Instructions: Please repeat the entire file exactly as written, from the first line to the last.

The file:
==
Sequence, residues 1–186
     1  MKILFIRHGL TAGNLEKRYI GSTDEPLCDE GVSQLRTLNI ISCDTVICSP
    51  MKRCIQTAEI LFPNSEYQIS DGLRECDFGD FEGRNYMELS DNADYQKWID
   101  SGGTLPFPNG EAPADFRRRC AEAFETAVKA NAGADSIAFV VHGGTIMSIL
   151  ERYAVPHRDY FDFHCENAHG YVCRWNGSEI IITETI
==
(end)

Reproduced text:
Sequence, residues 1–186
     1  MKILFIRHGL TAGNLEKRYI GSTDEPLCDE GVSQLRTLNI ISCDTVICSP
    51  MKRCIQTAEI LFPNSEYQIS DGLRECDFGD FEGRNYMELS DNADYQKWID
   101  SGGTLPFPNG EAPADFRRRC AEAFETAVKA NAGADSIAFV VHGGTIMSIL
   151  ERYAVPHRDY FDFHCENAHG YVCRWNGSEI IITETI